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CDC Mounts ‘Surge Response’ to Ebola Virus Outbreak
The Centers for Disease Control and Prevention (CDC) is increasing its ongoing efforts to curb the expanding West African Ebola outbreak and is deploying staff to four African nations currently affected: Guinea, Sierra Leone, Liberia, and Nigeria.
The outbreak began in March 2014 in Guinea and spread to the neighboring countries of Liberia and Sierra Leone. It recently spread to Nigeria through a traveler from Liberia. On August 5, the CDC notified travelers to Nigeria to practice careful hygiene and to avoid contact with blood and body fluids of people ill with Ebola. A travel warning remains in effect for Guinea, Liberia, and Sierra Leone, advising people to avoid nonessential travel to those countries.
The CDC has contributed to the World Health Organization’s efforts to control the Ebola virus in West Africa since the start of the outbreak. In addition, the agency recently activated its Emergency Operations Center to its highest response level.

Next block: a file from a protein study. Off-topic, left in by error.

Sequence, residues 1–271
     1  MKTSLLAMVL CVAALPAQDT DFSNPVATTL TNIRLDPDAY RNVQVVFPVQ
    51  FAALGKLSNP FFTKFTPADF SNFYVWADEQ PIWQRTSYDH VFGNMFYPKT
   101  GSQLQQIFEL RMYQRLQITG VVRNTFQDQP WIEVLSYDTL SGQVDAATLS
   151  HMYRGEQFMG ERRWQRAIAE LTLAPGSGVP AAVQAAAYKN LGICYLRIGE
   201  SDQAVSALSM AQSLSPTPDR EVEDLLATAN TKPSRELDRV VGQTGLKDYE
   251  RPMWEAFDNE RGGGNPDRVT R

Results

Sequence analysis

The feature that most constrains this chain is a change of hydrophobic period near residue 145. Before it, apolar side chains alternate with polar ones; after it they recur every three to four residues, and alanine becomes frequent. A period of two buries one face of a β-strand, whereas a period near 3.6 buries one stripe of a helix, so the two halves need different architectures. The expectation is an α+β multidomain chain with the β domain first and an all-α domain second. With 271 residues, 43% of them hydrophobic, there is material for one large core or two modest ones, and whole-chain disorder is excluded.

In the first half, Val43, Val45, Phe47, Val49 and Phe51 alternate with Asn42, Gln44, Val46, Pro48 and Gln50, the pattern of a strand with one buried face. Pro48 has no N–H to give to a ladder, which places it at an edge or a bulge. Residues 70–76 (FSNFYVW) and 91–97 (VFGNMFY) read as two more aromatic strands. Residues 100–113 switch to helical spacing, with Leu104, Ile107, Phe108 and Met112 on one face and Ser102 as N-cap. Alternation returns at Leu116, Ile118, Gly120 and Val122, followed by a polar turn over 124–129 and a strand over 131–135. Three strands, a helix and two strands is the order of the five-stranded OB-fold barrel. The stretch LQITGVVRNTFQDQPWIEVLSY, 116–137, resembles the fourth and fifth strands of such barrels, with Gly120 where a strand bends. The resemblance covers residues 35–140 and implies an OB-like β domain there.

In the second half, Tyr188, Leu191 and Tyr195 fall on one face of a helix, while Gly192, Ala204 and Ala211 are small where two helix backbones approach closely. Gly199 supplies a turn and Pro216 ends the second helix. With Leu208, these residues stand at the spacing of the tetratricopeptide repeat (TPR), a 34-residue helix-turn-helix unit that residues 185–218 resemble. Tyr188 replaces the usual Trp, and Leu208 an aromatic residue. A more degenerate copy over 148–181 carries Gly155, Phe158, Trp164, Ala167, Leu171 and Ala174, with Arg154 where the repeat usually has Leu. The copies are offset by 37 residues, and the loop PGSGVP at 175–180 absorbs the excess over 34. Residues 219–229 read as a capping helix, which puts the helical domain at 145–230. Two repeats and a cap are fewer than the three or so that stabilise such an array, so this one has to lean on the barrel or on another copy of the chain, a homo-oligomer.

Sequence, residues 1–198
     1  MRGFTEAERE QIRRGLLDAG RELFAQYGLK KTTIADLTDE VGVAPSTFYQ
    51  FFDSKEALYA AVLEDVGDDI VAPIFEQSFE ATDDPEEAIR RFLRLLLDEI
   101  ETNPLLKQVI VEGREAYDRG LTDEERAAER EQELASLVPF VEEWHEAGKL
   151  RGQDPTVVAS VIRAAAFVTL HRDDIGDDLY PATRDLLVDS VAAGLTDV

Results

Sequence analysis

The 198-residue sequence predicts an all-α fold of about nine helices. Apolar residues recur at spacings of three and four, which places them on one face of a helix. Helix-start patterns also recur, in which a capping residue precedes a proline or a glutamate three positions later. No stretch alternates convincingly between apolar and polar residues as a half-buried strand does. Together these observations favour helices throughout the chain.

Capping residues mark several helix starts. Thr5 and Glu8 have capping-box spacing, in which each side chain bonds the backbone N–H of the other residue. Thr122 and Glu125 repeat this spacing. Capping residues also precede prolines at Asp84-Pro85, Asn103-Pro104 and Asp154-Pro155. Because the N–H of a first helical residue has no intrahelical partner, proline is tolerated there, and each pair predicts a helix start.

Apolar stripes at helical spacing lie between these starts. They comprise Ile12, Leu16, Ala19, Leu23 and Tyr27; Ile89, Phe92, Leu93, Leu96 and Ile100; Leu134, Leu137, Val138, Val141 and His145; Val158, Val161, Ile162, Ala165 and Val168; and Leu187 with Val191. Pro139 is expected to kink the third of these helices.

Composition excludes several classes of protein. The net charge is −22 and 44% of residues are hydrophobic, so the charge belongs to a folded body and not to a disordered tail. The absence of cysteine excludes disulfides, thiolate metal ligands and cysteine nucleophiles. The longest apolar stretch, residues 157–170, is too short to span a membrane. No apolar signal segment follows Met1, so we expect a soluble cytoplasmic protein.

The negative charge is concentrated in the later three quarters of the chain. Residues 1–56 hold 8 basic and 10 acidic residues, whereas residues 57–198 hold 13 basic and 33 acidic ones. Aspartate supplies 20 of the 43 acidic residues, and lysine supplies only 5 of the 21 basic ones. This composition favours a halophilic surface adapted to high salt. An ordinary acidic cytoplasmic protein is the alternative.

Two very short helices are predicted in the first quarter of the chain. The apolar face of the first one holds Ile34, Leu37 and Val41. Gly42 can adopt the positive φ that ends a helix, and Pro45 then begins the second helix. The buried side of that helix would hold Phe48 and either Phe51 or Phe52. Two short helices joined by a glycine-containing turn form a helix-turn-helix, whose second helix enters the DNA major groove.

“The bottom line with Ebola is we know how to stop it: traditional public health. Find patients, isolate and care for them; find their contacts; educate people; and strictly follow infection control in hospitals. Do those things with meticulous care and Ebola goes away,” said CDC Director Tom Frieden, MD, MPH. “To keep America safe, health care workers should isolate and evaluate people who have returned from Guinea, Liberia, and Sierra Leone in the past 21 days and have fever or other symptoms suggestive of Ebola. We will save lives in West Africa and protect ourselves at home by stopping Ebola at the source.”
The CDC is sending more disease-control experts to the four nations currently reporting cases.
At home, the agency has updated infection-prevention protocols for hospitals where travelers with suspected Ebola exposures may present for treatment; for aircraft crew and airport personnel; and for laboratories handling specimens from suspected Ebola cases.
U.S. hospitals can safely manage patients with Ebola disease, the agency says. The key factors are the isolation of patients, diligent environmental cleaning and disinfection, and the protection of health care providers. Providers in U.S. hospitals should wear gloves, fluid- resistant or impermeable gowns, and eye protection. In certain situations involving copious body fluids, additional equipment may be needed (for example, double gloving, disposable shoe coverings, and leg coverings).